Proposed laws and regulations are often published in draft form electronically for public review at http://www.ttparliament.org/, though there is no legal obligation to do so. The government often solicits private sector and business community comments on proposed legislation, though there is no timeframe for the length of a consultation period when it happens, nor is reporting on the consultations mandatory.

All draft bills and regulations are printed in the official gazette and other websites: www.news.gov.tt/content/e-gazette# 

  • ;

The U.S. Mission is not aware of an oversight or enforcement mechanism that ensures that the government follows administrative processes.

There has not been any announcement regarding reforms to the regulatory system, including enforcement, since the last ICS report. Regulatory reform efforts announced in prior years, such as the mechanism to calculate and collect property tax and the establishment of the revenue authority, have not been fully implemented.

Establishment of the revenue authority is intended to increase collections and streamline the system for paying taxes.

At present, regulatory enforcement mechanisms are usually a combination of moral suasion and the use of applicable administrative, civil, or criminal sanctions. The enforcement process is not legally reviewable.

Regulation is usually reviewed based on scientific or data-driven assessments. Scientific studies or quantitative analyses are not made publicly available. Public comments received by regulators are generally not made public.

Public finances and debt obligations are transparent and publicly available on the central bank website: https://www.central-bank.org.tt

International Regulatory Considerations

Trinidad and Tobago is not a part of a regional economic block, though it is part of the Caribbean Community (CARICOM), a regional trading bloc that gives duty-free access to member goods, free movement to some members and establishes common treatment of non-members on specific issues. The Caribbean Single Market and Economy (CSME) is an initiative currently being explored by CARICOM that would eventually integrate its member-states into a single economic unit. When fully completed, the CSME would succeed CARICOM.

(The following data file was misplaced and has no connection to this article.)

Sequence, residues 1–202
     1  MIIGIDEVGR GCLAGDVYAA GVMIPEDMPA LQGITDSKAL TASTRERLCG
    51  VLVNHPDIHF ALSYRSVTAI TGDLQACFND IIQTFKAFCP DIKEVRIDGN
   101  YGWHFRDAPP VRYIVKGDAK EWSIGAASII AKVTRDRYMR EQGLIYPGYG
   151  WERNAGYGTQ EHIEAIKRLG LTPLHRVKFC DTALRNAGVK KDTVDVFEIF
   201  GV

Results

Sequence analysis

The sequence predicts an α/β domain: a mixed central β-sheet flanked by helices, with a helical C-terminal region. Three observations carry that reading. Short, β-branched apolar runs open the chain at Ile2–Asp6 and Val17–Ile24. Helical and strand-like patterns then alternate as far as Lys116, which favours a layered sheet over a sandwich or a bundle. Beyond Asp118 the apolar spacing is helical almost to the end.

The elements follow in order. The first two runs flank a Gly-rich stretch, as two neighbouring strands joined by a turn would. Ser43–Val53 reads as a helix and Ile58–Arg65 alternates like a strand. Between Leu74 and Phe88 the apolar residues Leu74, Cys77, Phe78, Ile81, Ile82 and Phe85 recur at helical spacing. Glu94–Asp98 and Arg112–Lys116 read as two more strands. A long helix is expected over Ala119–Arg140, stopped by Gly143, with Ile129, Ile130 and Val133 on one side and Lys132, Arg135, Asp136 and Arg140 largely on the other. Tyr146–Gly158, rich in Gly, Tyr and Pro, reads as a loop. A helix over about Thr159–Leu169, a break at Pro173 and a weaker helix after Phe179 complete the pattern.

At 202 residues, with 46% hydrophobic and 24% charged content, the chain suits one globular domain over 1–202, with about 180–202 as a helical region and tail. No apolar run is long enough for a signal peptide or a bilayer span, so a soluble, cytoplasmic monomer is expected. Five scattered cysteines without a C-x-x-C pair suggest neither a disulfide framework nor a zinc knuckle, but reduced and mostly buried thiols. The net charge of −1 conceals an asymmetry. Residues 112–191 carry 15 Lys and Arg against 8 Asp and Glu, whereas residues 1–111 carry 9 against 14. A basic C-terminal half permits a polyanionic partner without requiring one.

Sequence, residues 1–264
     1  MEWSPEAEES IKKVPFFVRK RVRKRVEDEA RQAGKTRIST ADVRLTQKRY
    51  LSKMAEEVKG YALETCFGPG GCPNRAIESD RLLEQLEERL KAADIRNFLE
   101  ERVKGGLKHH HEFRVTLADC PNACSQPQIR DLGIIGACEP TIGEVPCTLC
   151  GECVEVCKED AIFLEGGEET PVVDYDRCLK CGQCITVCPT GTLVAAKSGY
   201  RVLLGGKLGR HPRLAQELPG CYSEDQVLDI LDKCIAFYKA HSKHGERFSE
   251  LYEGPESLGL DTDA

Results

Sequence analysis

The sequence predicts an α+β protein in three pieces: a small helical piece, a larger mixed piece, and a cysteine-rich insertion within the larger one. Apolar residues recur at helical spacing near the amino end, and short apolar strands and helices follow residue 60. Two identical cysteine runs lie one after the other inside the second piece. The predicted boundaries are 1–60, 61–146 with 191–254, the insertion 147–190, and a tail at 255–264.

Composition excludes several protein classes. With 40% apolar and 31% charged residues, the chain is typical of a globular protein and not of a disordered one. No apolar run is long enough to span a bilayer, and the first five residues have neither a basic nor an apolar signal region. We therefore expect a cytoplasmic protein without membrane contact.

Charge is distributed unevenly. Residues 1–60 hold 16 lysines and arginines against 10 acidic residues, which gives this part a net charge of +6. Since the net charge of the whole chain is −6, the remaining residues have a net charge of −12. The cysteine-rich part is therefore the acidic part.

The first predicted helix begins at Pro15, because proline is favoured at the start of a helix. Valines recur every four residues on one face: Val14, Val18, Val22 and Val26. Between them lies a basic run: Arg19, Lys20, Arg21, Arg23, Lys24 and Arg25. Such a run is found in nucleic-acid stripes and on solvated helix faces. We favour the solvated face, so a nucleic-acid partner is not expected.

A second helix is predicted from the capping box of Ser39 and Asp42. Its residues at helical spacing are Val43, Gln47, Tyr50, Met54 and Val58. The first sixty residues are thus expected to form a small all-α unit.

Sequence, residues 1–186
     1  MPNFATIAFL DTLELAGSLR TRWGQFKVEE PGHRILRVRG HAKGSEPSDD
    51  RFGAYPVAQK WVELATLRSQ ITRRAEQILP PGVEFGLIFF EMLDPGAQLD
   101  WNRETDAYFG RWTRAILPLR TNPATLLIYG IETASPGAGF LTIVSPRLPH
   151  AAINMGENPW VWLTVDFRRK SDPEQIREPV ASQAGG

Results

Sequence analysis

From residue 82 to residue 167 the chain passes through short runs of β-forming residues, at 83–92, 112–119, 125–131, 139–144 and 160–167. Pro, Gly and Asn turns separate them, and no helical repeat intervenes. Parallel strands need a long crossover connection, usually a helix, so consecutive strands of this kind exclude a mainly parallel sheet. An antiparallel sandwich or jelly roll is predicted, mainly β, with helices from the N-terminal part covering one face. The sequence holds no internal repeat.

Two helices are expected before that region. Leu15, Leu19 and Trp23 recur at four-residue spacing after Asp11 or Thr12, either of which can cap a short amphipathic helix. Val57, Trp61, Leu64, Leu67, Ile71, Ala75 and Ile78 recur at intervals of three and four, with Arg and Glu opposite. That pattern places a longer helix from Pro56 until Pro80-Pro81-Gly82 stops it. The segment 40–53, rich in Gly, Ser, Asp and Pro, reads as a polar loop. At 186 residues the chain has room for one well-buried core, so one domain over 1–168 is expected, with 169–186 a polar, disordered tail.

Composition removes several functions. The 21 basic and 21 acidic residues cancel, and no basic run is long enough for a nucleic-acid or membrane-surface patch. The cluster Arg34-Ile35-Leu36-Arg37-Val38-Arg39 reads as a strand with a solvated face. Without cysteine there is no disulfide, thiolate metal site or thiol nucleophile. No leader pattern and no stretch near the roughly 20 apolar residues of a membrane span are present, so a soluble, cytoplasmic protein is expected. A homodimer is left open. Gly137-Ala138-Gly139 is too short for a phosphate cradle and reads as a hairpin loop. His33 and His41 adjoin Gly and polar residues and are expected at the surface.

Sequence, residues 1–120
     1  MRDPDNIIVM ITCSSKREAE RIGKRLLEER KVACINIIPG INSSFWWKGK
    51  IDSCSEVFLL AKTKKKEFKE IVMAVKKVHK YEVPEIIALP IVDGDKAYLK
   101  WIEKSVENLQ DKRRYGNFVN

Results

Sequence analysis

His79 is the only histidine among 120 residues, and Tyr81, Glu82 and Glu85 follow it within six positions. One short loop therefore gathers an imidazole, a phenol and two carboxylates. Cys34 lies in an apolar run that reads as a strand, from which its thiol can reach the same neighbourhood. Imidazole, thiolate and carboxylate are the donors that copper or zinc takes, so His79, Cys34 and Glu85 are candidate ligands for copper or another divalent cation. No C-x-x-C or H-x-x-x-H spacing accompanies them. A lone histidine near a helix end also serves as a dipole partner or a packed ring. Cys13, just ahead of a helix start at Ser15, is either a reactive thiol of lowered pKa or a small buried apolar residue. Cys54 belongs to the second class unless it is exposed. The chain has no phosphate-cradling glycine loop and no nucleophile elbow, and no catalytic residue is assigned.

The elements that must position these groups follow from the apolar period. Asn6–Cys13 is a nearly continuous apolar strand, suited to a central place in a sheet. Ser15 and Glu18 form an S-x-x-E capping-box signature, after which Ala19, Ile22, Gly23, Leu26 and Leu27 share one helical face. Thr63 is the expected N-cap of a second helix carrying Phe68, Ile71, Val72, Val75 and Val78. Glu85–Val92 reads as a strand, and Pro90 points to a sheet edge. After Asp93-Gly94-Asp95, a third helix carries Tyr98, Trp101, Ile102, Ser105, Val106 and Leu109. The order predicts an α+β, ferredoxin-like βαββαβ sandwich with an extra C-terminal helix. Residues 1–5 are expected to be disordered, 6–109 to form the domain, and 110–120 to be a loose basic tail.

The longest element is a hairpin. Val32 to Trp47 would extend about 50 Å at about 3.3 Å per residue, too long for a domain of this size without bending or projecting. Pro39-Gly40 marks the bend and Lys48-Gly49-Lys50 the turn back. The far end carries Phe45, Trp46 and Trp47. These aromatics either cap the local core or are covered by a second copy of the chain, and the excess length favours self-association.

Legal, regulatory, and accounting systems are generally consistent with United Kingdom standards.

The government has not consistently notified the World Trade Organization (WTO) Committee on Technical Barriers to Trade (TBT) of draft technical regulations.

Legal System and Judicial Independence

TT’s legal system is based on English common law. Contracts are legally enforced through the court system.

The country has a written commercial law. There are few specialized courts, making the resolution of legal claims time consuming. An industrial court exclusively handles cases relating to labor practices but also suffers from severe backlogs and is widely seen to favor claimants.

Civil cases of less than $2,250 are heard by the Magistrate’s Court. Matters exceeding that amount are heard in the High Court of Justice, which can grant equitable relief. There is no court or division of a court dedicated solely to hearing commercial cases.

TT’s judicial system is independent of the executive, and the judicial process is competent, procedurally and substantively fair, and reliable, although very slow. According to the World Bank’s Doing Business 2020 report, Trinidad and Tobago ranks 174 of 190 in ease of enforcing contracts, and its court system requires 1,340 days to resolve a contract claim, nearly double the Latin American and Caribbean regional average.

Decisions may be appealed to the Court of Appeal in the first instance. The United Kingdom Privy Council Judicial Committee is the final court of appeal.

Laws and Regulations on Foreign Direct Investment

TT’s judicial system respects the sanctity of contracts and generally provides a level playing field for foreign investors involved in court matters. Due to the backlog of cases, however, there can be major delays in the process. It is imperative that foreign investors seek competent local legal counsel. Some U.S. companies are hesitant to pursue legal remedies, preferring to attempt good faith negotiations in order to avoid an acrimonious relationship that could harm their interests in the country’s small, tight-knit business community.